I will never forget my first, and, fortunately, only experience with sleep paralysis. I was about eleven or twelve years old when it happened; I woke up in the middle of the night unable to move. I panicked and wanted to scream, but the words never came out.
After a few seconds, something let go of me and I ran as fast as I could to tell my parents about the episode. In the years that followed I couldn’t understand what happened to me that night, but it fascinated me so much so that I became determined to find out more.
I have, on various occasions, been told that this condition is the work of demons (a very popular belief in some parts of the world); however, I now know that there is a scientific explanation for this phenomenon.
Most people, at some point in their life, will experience Sleep Paralysis. The condition is broadly defined as it sounds – paralysis during sleep. While it may also occur in people who don’t suffer from any apparent sleep problems, sleep paralysis has been linked to narcolepsy, cataplexy and hypnagogic hallucinations. .
Lack of sleep, sudden lifestyle or environmental changes and stress may trigger Sleep Paralysis, and you can take several steps to prevent such episodes:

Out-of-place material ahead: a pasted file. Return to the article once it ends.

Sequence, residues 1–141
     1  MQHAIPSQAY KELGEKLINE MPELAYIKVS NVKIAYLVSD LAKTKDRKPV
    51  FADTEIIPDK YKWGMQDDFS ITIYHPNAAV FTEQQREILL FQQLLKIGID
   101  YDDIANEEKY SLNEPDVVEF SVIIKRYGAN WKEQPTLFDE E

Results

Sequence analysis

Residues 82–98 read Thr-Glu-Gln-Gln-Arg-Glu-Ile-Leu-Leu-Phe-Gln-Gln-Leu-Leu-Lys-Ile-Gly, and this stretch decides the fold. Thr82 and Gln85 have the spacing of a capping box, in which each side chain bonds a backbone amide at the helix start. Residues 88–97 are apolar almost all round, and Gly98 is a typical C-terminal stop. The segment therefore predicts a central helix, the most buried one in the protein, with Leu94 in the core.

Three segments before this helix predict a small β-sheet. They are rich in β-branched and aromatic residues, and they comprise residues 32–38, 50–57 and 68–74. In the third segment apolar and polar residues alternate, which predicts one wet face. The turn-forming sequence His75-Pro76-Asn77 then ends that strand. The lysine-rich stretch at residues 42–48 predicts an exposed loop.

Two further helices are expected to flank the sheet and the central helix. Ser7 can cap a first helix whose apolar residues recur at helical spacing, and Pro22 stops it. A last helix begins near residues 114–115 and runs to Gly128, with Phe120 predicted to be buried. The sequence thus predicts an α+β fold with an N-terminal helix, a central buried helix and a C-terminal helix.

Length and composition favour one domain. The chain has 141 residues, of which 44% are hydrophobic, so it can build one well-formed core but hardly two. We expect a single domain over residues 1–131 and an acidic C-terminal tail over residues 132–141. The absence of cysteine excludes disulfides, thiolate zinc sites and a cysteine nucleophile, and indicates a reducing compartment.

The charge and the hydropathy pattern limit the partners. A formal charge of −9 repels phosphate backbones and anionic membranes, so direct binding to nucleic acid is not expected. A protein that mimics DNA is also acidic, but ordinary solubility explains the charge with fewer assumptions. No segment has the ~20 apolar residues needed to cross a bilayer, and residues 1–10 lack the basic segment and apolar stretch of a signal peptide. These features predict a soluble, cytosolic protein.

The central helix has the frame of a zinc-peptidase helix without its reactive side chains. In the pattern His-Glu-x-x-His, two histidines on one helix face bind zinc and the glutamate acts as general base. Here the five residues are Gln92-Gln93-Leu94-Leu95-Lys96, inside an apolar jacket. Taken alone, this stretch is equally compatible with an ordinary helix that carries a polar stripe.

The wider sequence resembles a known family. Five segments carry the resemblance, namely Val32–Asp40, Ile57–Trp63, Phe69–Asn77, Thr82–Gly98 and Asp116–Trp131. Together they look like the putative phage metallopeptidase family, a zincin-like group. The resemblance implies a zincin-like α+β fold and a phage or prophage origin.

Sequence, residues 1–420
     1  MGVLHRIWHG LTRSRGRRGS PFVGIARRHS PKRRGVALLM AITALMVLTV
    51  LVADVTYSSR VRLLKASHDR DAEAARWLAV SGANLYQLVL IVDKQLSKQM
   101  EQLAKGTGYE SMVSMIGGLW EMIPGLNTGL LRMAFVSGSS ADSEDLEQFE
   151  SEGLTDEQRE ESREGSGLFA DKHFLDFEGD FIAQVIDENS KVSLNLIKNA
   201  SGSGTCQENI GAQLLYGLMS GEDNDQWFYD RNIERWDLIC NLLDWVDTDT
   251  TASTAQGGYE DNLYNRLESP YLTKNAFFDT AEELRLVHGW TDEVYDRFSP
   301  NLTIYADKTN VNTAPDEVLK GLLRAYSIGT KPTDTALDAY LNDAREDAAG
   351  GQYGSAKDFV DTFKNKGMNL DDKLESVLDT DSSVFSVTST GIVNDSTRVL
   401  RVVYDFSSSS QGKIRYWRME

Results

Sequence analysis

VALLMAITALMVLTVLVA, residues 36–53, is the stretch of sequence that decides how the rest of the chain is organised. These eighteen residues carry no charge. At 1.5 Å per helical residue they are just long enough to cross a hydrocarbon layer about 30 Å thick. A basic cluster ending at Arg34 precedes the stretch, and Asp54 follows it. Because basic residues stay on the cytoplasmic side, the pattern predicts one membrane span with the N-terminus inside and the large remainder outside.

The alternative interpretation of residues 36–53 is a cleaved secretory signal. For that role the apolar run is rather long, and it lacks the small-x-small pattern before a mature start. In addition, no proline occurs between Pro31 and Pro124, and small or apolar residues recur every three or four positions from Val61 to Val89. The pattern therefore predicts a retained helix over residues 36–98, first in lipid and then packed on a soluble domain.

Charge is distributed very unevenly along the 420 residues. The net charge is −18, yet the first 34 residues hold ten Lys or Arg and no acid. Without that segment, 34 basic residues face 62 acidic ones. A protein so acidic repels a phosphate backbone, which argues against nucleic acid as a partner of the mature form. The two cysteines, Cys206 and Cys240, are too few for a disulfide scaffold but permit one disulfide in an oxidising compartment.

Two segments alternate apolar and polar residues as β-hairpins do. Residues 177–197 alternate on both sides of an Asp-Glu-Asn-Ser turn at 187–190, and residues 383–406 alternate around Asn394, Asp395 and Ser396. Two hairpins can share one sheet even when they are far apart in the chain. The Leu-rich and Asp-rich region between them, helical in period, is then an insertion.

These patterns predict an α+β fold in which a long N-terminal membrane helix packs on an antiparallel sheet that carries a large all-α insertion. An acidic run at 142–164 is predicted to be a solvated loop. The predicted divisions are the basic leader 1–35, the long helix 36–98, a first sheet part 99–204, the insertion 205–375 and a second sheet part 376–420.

- Get at least 8-10 hours of sleep every night
- Have a set schedule for bed time
- Avoid consuming alcohol when you are sleep deprived
- Avoid stress and relax few hours before bed time.
- Avoid sleeping in a face upwards or supine position
Sleep Paralysis is not generally considered dangerous and, although some people may be frightened by it (like me), in reality it isn’t anything to be afraid of . If you’d like to find out more about this topic, please visit: http://www.associatedcontent.com/article/2585517/facts_about_sleep_paralysis.html?cat=5
Have you ever experienced Sleep Paralysis? Share your experience and continue the discussion in the comments below.
-- Important: The Sleep Blog does not provide medical advice, diagnosis, or treatment. Instead, this website provides general information for educational purposes only. Always seek the advice of a qualified health care provider if you have questions or concerns regarding any medical condition or treatment.